How do I analyse a historical source?

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Sometimes when faced with many historical sources at once that all discuss a similar topic, it can be hard to know where to start. By following a simple structure, you can be sure to achieve the best grades from your analysis.

Look at each source individually. By doing so, you can judge them on their own first, and later compare them for extra marks in your evaluation. 

You should face 3 stages in your analysis:

1) What can I see? (for picture sources) What is the source literally saying? What is the message of the source?

2) Who wrote the source and when? Where was it created and for what purpose?

3) What do I know about the people or the period involved which could change how I see the source?

For example, if you were presented with a picture of Adolf Hitler posing with a group of women and children at a public event, you would point out what is visible, and then think about what you know about Hitler's views on women and children. You would show the examiner that you are aware Hitler intended to increase the population of Aryan Germans through the Lebensborn policy. You would show your understanding of the incentives offered to families such as the Mother's Cross and the financial rewards. Then you would use this information to support why you believe the source was created, most probably as propaganda to display Hitler's prioritisation of the traditional German family.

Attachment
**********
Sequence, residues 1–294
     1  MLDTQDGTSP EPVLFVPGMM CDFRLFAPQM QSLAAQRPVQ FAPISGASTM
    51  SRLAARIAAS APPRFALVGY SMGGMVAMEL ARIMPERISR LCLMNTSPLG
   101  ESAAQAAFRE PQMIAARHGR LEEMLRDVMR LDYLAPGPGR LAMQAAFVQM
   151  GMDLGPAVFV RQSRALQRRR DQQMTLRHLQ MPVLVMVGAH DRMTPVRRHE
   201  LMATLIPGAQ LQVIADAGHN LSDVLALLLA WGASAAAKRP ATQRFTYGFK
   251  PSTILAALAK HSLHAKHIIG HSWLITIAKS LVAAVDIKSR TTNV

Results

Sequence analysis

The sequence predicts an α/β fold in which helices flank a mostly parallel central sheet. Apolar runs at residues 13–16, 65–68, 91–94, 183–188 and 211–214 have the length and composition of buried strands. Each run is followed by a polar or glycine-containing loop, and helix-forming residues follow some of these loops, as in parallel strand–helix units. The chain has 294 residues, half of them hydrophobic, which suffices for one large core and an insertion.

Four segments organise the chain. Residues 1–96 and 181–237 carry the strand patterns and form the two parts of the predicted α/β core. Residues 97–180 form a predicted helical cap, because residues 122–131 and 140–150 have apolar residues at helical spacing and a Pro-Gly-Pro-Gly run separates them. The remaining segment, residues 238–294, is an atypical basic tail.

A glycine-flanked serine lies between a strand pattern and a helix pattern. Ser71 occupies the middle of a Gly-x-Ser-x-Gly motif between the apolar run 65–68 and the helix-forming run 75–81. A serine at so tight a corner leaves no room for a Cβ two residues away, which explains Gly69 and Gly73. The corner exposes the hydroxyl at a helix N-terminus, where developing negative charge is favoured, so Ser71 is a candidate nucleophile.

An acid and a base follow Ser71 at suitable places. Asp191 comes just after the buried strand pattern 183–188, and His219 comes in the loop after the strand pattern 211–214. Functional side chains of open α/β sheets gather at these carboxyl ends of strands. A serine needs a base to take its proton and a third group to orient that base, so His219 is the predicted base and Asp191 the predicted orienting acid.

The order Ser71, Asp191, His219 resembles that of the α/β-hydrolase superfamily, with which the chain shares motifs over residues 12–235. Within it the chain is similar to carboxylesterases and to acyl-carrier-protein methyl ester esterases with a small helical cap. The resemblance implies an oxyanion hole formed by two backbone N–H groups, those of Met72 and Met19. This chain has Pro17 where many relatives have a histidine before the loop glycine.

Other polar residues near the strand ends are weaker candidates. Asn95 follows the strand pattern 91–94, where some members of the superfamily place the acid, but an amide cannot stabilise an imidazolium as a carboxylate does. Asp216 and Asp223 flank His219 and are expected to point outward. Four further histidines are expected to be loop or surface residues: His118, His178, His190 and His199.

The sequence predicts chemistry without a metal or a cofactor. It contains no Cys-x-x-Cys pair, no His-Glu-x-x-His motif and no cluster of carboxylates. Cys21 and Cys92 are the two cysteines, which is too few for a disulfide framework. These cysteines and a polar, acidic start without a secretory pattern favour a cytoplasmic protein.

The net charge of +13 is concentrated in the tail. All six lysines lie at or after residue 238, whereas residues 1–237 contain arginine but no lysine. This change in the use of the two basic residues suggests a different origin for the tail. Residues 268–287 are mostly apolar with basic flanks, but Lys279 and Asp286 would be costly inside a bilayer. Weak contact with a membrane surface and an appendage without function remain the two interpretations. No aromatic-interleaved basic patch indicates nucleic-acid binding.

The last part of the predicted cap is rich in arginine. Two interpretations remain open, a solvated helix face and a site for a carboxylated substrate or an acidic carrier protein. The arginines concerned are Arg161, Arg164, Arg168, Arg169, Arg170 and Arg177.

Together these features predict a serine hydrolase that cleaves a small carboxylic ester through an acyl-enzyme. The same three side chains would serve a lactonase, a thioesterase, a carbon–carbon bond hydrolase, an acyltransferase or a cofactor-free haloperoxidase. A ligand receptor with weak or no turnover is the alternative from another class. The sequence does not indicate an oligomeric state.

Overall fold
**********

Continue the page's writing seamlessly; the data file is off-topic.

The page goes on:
Beth B. GCSE English Literature tutor, A Level History tutor, GCSE Hi...

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